Sitcom Writer

Sitcom Writer

SitcomWriter

Los Angeles, CA

Female, 33

For over ten years, I’ve had the extreme pleasure of being staffed on several half-hour network sitcoms, rising in the ranks from Staff Writer to Co-Executive producer. My writing partner and I are now developing our own material.

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Last Answer on December 19, 2012

Best Rated

What types of shows have you written for?

Asked by Netta_D about 6 years ago

I’ve written everything from crappy multi-cameras that didn't make it through the first season, to Emmy award-winning single-cameras that I am proud to have on my resume.

Any notable downsides to being a sitcom writer?

Asked by Jerry2011 about 6 years ago

I have my dream job and I still hate it about half the time. The hours suck. Plus it's very hard when you really love a joke or an idea and your boss says “no.”

When did you know you wanted to become a TV writer? Which shows inspired you most?

Asked by Wes over 5 years ago

In high school, I was talking to a friend who mentioned she wanted to be a doctor more than anything in the world. I assumed she meant anything in the world except a TV writer. Nope. She actually wanted to be a doctor. Up until that moment, I just assumed everyone would write TV if they could, just like everyone would rather be rich or thin. But since this was the real world and I was middle-class and chunky, I would settle for veterinarian. As soon as I realized this passion of mine was unique (ish), I never looked back (though I'm still chunky). There were a lot of shows I loved growing up: The Simpsons, Mystery Science Theater 3000, Strangers with Candy, Mr. Show ... but I think what really helped my sense of humor was watching stand-up comedians with my dad when I was really young. I'd use his stomach as a pillow and I knew something was funny when my head would shake from his laughter.

Charlie Sheen chaos aside, what on EARTH is so special about "Two-and-a-Half Men" that's made it as successful as it's been? Seems just as by-the-numbers as the next sitcom, what is it that's created such a huge audience?

Asked by JP about 6 years ago

Sometimes I like to be the bigger person and think why do I get to decide what sitcom is funny/original/worth the ratings? I mean if millions -MILLIONS- of people love Two and a Half Men they can't all be wrong. Then I watch Two and a Half Men - and I'm as stumped as you are. My best guess is that it's easy. You get home from a hard day at the office and sometimes it's nice to not have to think. The characters are basic. You know what they're going to do. The plot lines are easy to follow. You know what's going to happen. And it's chock full of extremely dirty jokes that we're not allowed to do on other shows so it send those "They went there" shivers down your spine. Also there are fart jokes.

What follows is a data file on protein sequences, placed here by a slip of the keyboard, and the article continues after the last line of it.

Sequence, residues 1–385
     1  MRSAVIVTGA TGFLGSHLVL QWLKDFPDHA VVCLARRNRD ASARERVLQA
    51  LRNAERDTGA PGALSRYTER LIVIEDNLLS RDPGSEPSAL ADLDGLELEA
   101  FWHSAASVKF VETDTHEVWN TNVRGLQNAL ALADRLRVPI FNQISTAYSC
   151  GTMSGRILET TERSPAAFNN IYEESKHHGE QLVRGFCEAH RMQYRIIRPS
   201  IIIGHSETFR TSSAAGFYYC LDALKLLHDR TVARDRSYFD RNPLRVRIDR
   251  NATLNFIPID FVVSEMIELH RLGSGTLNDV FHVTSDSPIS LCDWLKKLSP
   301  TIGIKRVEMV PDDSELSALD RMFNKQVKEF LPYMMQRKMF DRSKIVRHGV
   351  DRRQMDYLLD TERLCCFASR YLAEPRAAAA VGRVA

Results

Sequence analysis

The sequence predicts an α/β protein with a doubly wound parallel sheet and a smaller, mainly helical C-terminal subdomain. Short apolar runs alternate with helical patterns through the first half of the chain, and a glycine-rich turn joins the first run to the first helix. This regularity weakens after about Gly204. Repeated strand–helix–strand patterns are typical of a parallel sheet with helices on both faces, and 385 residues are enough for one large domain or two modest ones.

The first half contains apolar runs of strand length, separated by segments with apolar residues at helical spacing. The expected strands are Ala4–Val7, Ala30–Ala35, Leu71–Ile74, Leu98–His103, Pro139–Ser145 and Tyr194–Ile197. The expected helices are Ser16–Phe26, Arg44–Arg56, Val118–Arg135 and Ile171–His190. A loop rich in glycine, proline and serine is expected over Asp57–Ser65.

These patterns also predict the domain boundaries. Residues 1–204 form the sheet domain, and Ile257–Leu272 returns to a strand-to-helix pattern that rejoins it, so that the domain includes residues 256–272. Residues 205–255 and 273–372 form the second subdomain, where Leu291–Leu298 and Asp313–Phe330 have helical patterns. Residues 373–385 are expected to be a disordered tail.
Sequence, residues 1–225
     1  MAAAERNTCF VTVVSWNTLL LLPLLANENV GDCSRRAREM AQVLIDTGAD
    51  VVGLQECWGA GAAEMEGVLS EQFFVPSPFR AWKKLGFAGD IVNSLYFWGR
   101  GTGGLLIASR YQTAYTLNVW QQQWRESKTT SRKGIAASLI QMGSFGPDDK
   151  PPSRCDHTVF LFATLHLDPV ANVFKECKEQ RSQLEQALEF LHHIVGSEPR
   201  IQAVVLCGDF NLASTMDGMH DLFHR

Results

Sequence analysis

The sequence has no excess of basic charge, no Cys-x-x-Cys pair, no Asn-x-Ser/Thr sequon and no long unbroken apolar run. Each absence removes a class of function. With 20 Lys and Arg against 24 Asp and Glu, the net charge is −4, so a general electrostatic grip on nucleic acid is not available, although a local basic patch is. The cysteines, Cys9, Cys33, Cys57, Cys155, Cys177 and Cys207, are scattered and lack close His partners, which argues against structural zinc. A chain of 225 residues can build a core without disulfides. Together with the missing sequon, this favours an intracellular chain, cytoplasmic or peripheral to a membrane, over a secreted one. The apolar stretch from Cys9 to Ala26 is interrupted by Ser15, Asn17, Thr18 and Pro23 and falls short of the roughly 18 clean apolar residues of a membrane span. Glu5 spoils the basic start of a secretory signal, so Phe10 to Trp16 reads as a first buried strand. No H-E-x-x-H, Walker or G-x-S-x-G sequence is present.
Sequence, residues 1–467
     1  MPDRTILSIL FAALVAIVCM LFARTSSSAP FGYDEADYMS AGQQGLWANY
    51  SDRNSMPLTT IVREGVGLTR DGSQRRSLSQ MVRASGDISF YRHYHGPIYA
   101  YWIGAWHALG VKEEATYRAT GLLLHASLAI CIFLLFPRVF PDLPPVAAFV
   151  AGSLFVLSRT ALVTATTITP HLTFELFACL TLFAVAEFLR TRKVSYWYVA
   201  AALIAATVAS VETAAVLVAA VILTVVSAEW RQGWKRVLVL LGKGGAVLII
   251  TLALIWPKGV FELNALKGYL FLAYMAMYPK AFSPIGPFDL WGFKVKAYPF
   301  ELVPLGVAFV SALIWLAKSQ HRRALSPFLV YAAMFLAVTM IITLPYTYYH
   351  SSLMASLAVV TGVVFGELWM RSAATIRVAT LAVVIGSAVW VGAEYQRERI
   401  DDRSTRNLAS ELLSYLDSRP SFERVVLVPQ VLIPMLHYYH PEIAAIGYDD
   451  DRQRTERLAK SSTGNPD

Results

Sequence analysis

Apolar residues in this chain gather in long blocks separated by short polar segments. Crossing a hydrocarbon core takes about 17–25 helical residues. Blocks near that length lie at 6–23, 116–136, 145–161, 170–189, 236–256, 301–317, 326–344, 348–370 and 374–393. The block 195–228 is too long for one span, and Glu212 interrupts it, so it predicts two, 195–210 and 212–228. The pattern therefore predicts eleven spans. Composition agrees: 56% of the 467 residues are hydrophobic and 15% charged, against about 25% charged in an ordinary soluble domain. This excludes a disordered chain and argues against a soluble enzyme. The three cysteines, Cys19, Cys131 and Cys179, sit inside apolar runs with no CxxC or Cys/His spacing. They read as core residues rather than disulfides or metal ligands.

Do you prefer to write solo, or in collaboration with a group?

Asked by Junebug77 about 6 years ago

If you want to write solo, write dramas or movies. Comedy is a communal effort. Yes, you do get to write alone sometimes, but that just feels like a little break where you get to sleep in and type in your underwear. The majority of your time is being surrounded by very funny people eating snacks.

Do most sitcom writers start by being a writer's room PA or Writer's assistant?

Asked by funnygirl about 6 years ago

Short answer -If not most at least a good chunk. If you're starting from scratch it is the easiest (not easy) way to get on a staff. Most of the shows I've been on the most senior writers' assistant gets to write a script. If it's good you might even get moved up to staff writer. At the least you learn the ins and outs of a writers' room. You meet all the writers and if you have any talent we are all dying to help you out. (that is 100% sarcasm free - we know how hard the assistants work and we want them to succeed) I would say the second most common way to get your foot in the door is through one of the fellowships or writing programs some of the networks and studios offer.

Given the explosion of so many great hour-long dramas (e.g. Breaking Bad, Homeland, Justified), is there any concern that shows like these will start eating into sitcom audiences?

Asked by walterwhite about 6 years ago

No. You know what's funny? When I started working in sitcoms (about 10 years ago) I was told I just missed the sitcom Boom. The era of Friends and Seinfeld etc. where sitcoms were king, sitcom writers got huge deals and you had your pick of jobs. It's not like that anymore. It hasn't been for a long, long time. But recently I've seen sitcoms getting a little more heat. Modern Family - CBS's whole line up - The New Girl. Sitcoms are getting ratings again. So I would say it's kind of the reverse of the question. I have faith sitcoms are making a resurgence.